Establishing the run game early really takes some pressure off of Russell Wilson. The offensive line also looked solid. Frank Omiyale shut down Demarcus Ware and made it very hard to notice that Russell Okung wasn’t in the game. This is very reassuring. JR Sweezy also looked better, but having John Moffitt back was a big boost to the pass protection. Wilson also made his reads a little better and was able to find his receivers down field. He does tend to throw the ball high, however, which will hopefully be worked on. When you overthrow 6’6’’ tight end Evan Moore who is wide open, it gets noticed. I don’t know if this is a function of his height, or something else, but if Wilson can get that under control, it will add a few completions to his stat sheet every game. Robert Turbin also looked good with a few runs and a great block. And of course, the bone shattering hit on Sean Lee by Golden Tate.
The defense was, in a word, overwhelming. Dallas was simply never able to get any kind of momentum whatsoever. They controlled the line of scrimmage, the middle, and the backfield. Browner, Chancellor, Thomas, and Sherman all played great defense and laid some hits on Jason Witten that he’ll be feeling for the rest of the week. Basically, the Cowboys never had a chance. The Seahawks were more prepared, more disciplined, and just flat-out played better.
For me, this game, while cathartic, is also bittersweet. If the Seahawks had played fractionally better last week against Arizona, the Seahawks would currently be tied for first in the NFC West. Instead, they are sitting at third with a division loss on their record. Lynch and Turbin made a strong case for the run game this week and I hope that the team keeps it up. For now, I just have to hope that the Seahawks can play like this against Green Bay next Monday, the 49ers, and the rematch with the Cardinals. The NFC West is making noise though, and starting to demand respect from the rest of the league.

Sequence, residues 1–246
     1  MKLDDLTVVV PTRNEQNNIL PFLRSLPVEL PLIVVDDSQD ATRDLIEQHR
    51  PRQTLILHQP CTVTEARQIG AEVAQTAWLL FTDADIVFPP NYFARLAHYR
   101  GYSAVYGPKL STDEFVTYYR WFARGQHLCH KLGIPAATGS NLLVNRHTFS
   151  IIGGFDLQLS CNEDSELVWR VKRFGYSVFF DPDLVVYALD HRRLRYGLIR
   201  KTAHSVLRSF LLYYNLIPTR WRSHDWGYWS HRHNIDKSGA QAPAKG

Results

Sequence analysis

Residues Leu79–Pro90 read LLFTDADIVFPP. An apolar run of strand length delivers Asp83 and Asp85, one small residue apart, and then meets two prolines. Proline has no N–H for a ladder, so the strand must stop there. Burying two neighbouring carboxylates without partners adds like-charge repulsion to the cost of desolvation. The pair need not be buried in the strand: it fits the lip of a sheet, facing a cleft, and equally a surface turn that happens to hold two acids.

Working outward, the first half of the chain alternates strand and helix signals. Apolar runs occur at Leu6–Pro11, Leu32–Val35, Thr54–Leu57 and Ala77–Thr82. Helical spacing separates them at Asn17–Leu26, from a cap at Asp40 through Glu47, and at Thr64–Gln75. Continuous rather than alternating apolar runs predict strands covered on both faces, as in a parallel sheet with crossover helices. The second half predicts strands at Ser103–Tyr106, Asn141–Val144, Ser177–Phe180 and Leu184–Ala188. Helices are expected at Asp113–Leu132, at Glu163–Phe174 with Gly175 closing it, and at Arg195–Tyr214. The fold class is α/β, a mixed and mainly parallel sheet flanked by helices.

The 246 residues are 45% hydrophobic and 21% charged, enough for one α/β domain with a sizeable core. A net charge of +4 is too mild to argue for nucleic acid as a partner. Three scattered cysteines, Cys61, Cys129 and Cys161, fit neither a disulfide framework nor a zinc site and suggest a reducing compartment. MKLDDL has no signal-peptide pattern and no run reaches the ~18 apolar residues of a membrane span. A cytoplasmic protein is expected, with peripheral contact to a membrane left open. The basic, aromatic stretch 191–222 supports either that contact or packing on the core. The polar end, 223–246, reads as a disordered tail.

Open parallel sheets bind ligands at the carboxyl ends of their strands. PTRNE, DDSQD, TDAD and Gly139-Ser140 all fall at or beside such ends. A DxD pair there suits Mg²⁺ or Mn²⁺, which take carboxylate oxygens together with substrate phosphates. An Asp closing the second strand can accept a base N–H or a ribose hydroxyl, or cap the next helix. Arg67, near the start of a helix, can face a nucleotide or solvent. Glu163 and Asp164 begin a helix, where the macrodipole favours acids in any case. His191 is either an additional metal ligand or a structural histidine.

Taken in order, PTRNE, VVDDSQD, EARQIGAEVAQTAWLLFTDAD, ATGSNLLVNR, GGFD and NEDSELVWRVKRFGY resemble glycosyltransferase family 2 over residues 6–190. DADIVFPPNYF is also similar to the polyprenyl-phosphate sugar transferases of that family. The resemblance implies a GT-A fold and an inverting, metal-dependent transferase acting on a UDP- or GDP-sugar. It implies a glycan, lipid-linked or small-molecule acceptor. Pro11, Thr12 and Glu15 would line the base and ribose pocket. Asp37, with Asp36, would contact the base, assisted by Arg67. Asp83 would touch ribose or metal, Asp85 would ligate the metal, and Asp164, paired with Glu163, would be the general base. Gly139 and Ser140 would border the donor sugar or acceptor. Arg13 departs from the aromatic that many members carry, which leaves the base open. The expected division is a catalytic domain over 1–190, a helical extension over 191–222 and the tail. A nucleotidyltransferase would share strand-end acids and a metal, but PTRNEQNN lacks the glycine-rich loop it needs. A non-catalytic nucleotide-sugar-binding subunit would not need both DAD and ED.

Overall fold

Despite all the injuries, the Seattle Seahawks dominated a inferior team last night. That is what they’re supposed to do. The Seahawks have now won 4 of the last 5 games. Their only loss over that stretch was the result of a 4th quarter collapse in which the gave up a 10 point lead to DC in the final minutes of the game.
With 3 games remaining, the Seahawks are an unexpected contender for a playoff spot. If they win out and finish with a 9-7 record, it’s highly probably that they will make it into the playoffs as the 6 seed in the NFC playoffs.
Let get to the grades:
Tarvaris Jackson: B
I have to admit, looking at the box score I was a little surprised to see that Jackson had thrown the ball 32 times. I was expecting the total to be down around 24. He seemed to be playing the roll of game manager for most of the night, which is what he does best. He finished the night with 224 yards, one TD, and zero interceptions.
Marshawn Lynch: A-
Lynch had a solid night: 115 yards, a TD, a 5.0 yards per carry average. It’s exactly what we’ve come to expect from him. The only thing holding him back from getting a solid A is the lack of any game changing long runs. … [visit site to read more]
It’s something I’ve been noticing for few weeks now, and it became really apparent this last week against the Bangles. Marshawn Lynch is really slow getting to the hole. Any fan can see that the offensive line blocking for the run, but the line … [visit site to read more]
We are now an entire day removed form The Mistake by The Lake. I’m not referring to the city of Cleveland (this time), but rather the offensive (and I do mean offensive) performance by the Seattle Seahawks. Instead of venting my … [visit site to read more]
At first glance, the Seahawks’ depth chart at running back looks pretty good. Marshawn Lynch, Justin Forsett and Leon Washington will split time at tailback with Michael Robinson at fullback. However, don’t be surprised if the Seahawks use a pick or two in the upcoming draft to add talent and depth to this lineup.